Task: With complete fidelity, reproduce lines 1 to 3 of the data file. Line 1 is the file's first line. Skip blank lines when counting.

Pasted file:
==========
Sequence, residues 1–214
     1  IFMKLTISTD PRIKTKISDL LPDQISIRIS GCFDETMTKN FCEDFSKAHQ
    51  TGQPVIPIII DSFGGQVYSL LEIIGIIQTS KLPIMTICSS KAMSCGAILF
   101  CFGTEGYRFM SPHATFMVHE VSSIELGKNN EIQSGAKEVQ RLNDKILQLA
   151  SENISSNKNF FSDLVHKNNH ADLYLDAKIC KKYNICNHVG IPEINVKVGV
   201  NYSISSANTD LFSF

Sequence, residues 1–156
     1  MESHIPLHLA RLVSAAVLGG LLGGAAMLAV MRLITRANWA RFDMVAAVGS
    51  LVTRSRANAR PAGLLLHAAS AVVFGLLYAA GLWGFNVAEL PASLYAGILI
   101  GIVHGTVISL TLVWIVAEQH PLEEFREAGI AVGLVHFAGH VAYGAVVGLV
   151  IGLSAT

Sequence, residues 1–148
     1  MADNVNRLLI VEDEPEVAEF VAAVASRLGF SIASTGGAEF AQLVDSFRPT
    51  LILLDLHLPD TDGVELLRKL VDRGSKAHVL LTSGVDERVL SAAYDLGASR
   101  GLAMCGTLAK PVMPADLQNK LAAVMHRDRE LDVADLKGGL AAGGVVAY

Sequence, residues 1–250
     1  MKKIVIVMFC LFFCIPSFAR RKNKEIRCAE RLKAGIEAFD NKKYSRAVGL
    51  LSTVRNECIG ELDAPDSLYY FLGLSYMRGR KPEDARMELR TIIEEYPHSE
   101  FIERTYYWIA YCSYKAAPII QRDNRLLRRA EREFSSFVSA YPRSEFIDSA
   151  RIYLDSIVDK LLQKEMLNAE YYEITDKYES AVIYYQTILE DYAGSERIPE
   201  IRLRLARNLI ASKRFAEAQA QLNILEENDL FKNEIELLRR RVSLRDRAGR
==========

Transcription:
Sequence, residues 1–214
     1  IFMKLTISTD PRIKTKISDL LPDQISIRIS GCFDETMTKN FCEDFSKAHQ
    51  TGQPVIPIII DSFGGQVYSL LEIIGIIQTS KLPIMTICSS KAMSCGAILF